By the way, the FDA’s Food Code website also has a page explaining the public health reasons for each portion of the Food Code. Here is what they say about the clothing requirement:
Dirty clothing may harbor diseases that are transmissible through food. Food employees who inadvertently touch their dirty clothing may contaminate their hands. This could result in contamination of the food being prepared. Food may also be contaminated through direct contact with dirty clothing. In addition, employees wearing dirty clothes send a negative message to consumers about the level of sanitation in the establishment.
When it comes to below the ankles, the bottom of a shoe is as dirty as the bottom of a foot. And neither is likely to be touched while preparing food. [By the way, the original source of the picture says that the manager was originally standing on the countertop barefoot. If true, again, it really doesn’t matter whether she was barefoot or shod; neither should be on a countertop.]
There is only one place where the FDA’s rationale for a rule mentions shoes: that food should not be stored in locker rooms or toilet rooms or dressing rooms, etc.. That is because dirt from shoes could contaminate the food under those conditions.
It took a while for the FDA to respond, and then that was passed down to me. Here’s what the Ohio Department of Health said:
This is not a violation of the food code but is an employee policy work safety issue and may also be considered as an Occupation and Safety Health Administration matter depending on what work duty is being conducted.
I guess I’m not surprised that, even when granting that the food code does not ban bare feet, they felt obligated to still find something wrong with bare feet.
Under the circumstances (climbing a ladder) bare feet were way more safe than flip-flops. And I have a real problem trying to figure out what other work safety issue might be involved. This is a McDonalds after all, where everything is cardboard or plastic (sometimes even the food! 🙂 ). It is the typical sort of comment you get from someone who just knows that bare feet are these fragile lumps on the ends of our ankles, and is operating outside their knowledge base (kind of like librarians, again). Again, they are forced to resort to special pleading.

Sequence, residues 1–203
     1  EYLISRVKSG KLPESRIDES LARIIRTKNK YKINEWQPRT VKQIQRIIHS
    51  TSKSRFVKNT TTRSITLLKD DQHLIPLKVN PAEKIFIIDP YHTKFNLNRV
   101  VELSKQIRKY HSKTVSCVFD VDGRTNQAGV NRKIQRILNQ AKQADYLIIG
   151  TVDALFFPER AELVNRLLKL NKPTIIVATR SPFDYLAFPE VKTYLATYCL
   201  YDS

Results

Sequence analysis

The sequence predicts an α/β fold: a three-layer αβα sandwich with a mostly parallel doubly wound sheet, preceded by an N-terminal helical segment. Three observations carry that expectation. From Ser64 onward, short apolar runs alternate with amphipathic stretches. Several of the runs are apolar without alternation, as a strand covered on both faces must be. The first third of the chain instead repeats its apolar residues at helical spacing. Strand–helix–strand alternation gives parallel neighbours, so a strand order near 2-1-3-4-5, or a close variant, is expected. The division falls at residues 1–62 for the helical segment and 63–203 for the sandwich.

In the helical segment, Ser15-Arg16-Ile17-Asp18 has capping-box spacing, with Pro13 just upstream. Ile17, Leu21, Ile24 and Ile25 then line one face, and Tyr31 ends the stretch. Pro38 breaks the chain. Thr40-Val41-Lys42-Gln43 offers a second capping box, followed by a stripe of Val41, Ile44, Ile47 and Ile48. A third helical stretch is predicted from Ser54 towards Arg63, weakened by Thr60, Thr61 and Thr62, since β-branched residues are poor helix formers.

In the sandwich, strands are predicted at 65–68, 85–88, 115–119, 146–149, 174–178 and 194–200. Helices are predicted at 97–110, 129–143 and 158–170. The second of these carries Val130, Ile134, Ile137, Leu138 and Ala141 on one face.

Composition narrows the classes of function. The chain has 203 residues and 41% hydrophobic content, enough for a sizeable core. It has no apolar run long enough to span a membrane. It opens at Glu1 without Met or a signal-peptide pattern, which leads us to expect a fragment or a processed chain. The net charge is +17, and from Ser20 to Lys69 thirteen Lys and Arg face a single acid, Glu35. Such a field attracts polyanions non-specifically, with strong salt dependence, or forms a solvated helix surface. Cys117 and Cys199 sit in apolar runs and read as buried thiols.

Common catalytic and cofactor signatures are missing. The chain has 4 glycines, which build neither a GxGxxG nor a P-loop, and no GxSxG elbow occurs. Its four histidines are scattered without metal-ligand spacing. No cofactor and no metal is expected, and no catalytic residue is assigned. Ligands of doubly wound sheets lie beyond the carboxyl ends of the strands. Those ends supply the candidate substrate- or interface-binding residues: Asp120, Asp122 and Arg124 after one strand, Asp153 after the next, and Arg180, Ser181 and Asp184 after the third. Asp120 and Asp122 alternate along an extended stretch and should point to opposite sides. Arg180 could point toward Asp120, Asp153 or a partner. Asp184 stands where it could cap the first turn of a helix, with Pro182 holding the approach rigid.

Also, quite pleasantly, the Licking County Health Department says that they will be revising their approach to these types of situations and will be applying the food safety code in accordance with the FDA’s opinion.
Great news, and I really appreciate (and am impressed by) how the Licking County Health Department handled this.
But it does make you wonder how often, across the country, health departments go beyond what the regulations say. We’ve heard of restaurants claiming that they were cited for having barefooted customers and we’ve doubted it. Well, maybe the health department there really didn’t know the health code? It’s really rather scary that one has to go through this much effort, and what’s worse, restaurants become anti-barefooter based on false information.
Finally, by the way, when I left after eating lunch at this McDonalds, I went out the side door. (If you look at the picture at the beginning of this entry, on the far right behind the white truck you see doors with the address “12”. Those lead to a common entranceway that includes the side door.) Guess what was on the door there?
I guess I was lucky they let me eat in peace!